Captain Edward John Smith Statue Unveiling – 29 July 1914

Captain Edward John Smith – the Grit of the Mercantile Marine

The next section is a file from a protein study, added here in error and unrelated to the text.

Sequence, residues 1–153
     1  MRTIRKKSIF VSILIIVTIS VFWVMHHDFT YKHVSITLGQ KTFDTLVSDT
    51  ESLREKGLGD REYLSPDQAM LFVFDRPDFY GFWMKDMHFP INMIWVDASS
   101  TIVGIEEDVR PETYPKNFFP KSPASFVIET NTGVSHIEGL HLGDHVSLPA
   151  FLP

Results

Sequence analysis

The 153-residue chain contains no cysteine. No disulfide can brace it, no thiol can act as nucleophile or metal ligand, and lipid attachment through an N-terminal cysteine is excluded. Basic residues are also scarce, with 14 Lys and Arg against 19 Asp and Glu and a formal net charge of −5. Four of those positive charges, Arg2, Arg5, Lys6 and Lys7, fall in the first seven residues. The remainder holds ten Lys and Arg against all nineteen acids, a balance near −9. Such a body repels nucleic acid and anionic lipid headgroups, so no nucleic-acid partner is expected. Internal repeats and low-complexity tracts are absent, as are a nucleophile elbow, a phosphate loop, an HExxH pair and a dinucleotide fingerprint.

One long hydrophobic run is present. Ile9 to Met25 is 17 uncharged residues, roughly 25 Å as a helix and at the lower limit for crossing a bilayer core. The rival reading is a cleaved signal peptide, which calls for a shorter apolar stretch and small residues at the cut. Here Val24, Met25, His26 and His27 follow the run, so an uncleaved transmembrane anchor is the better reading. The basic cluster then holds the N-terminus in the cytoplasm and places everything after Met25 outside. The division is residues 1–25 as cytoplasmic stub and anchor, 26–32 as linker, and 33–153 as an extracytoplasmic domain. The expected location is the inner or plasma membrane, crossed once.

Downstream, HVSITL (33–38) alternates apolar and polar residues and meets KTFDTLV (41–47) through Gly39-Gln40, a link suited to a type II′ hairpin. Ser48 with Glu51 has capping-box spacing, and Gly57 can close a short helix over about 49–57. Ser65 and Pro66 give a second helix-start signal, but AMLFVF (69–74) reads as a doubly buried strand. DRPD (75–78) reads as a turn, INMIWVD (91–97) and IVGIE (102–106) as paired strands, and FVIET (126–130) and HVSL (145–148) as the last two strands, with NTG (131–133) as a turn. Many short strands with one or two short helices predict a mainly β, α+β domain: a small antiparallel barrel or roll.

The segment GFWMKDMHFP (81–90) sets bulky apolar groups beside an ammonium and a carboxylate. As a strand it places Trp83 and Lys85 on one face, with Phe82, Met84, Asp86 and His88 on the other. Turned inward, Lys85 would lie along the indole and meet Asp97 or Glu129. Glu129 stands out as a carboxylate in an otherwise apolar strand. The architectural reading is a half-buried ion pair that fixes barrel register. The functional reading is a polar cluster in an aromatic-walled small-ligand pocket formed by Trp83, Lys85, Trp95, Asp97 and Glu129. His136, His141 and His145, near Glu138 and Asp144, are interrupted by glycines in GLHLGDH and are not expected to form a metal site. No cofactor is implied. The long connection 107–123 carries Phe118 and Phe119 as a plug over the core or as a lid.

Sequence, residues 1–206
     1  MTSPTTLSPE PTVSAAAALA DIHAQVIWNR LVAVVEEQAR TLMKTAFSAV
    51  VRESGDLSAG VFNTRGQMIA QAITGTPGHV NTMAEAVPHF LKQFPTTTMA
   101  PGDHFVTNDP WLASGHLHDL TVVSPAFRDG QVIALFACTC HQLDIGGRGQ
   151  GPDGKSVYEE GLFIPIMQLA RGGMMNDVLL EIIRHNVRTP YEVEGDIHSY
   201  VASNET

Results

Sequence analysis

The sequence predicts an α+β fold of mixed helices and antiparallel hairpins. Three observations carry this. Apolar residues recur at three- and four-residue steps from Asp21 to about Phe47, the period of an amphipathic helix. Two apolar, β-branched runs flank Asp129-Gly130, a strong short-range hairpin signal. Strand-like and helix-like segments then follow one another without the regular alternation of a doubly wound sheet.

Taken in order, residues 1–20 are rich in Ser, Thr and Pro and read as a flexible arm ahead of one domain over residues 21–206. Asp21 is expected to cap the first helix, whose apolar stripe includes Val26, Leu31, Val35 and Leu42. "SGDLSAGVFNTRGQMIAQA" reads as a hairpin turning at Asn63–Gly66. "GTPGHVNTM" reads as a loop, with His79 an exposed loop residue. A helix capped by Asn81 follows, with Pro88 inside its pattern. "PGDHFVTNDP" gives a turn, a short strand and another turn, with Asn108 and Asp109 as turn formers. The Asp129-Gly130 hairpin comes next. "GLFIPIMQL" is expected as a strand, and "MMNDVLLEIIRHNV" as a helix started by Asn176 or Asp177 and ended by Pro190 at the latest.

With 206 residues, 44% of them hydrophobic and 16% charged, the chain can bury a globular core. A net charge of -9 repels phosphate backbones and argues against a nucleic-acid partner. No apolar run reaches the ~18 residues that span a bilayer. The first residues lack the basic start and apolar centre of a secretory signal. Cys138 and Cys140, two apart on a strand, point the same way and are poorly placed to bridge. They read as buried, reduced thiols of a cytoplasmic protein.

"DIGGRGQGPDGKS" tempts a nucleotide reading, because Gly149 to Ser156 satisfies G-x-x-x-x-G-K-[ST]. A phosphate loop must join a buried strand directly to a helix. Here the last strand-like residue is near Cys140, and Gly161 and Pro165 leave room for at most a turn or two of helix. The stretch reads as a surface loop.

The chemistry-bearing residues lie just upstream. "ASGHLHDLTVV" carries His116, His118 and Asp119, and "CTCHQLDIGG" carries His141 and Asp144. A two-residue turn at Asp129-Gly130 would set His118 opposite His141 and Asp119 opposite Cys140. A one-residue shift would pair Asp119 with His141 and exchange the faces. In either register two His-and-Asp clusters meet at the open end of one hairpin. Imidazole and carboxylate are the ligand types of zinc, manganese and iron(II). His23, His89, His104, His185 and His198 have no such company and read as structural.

On Wednesday 29 July 1914 one of the most iconic, and much debated, statues was unveiled in a ceremony at the Museum Gardens in Lichfield’s Beacon Park. The statue was of the renowned captain of the ill-fated RMS Titanic, Captain Edward John Smith. The statue has since been the subject of much debate and discussion, as it is a long held theory that the statue was placed in Lichfield as the people of Smith’s home town, Hanley in Stoke on Trent, did not want the statue on home soil, as Smith was seen as someone who had brought shame on them and not honour. It was suggested that Lichfield agreed to accept the statue as there was no direct link with the captain and the city and that, over the years, Stoke on Trent City Council had made requests to Lichfield to have the statue relocated to Hanley. The ceremony to unveil the statue took place on the afternoon of July 29 1914, in front of a large crowd in the Museum Gardens. A temporary platform had been erected in front of the statue and the Mayor of Lichfield Councillor Robert Bridgeman (of Bridgeman and Sons on Quonians Lane) and the Sheriff, Councillor Thomas Baxter, represented the City Corporation. Dignitaries included Lord Charles Beresford, an admiral in the British Navy, the Duchess of Sutherland, Miss Helen Melville Smith (the daughter of the captain), Lady Diana Manners (later to become Lady Diana Cooper, the socialite and said to be the most beautiful woman in the world at the time), Colonel and Mrs Swinfen-Broun from Swinfen Hall. Also present was the sculptor of the statue, Lady Kathleen Scott, widow of Captain Robert Scott, leader of the doomed Antarctic Expedition group, who had all perished in 1912. Tributes were read out in praise of Captain Smith from Queen Alexandra, wife of King Edward VII, William Perrin the Bishop of Willesden, the Duchess of Sutherland and Lord Beresford before the Duchess of Sutherland asked Miss Smith to unveil the statue of her father. Lord Beresford said that he was ‘an example of the very best type of British seaman and British gentlemen. Never could they forget his heroism, pluck and devotion to duty’. The outbreak of World War One had just started one day before, on the 28 July 1914, and the world at that time had very little idea of the horrors that were to come over the next four years. Beresford said that they in the Royal Navy could count on men from the Mercantile Marine (who we know refer to as the Merchant Navy) like Captain Smith to help to defend their country and protect Britain. Sailors from the Royal Naval Reserve from Liverpool, where the Titanic sailed from on its maiden voyage, attended as well as buglers from the Army camp at Whittington Barracks who sounded the ‘Last Post’. The ceremony closed with a rousing rendition of the National Anthem and Miss Smith placed a large wreath of laurels and roses onto the statue. Visitors then attended a service at Lichfield Cathedral which included a rendition of the anthem ‘Send out Thy Light’ by Charles Gounod, performed by the Cathedral Choir. But what is the truth about why the statue is placed in Lichfield’s Beacon Park? Well, the reason is down to Location, Location, Location. The Diocese of Lichfield, the area under the control of the Bishop of Lichfield, was very large and was seen to be a central point between London and Liverpool, where the ship sailed from, and was also the diocese of Smith’s home town, Hanley in the city of Stoke on Trent. The statue has been in the Museum Gardens of Lichfield’s Beacon Park for well over a hundred years, it is the subject of much discussion and debate about why it is there but is now part of the heritage and history of the city – and long may it continue to be so. The statue of Captain Edward John Smith is one of the featured sculptures on the City of Lichfield Sculpture Trail, more details at: Photos copyright: Jono’s Tourism, other than 1914 photograph, copyright not applied but courtesy of the British Newspaper Archive.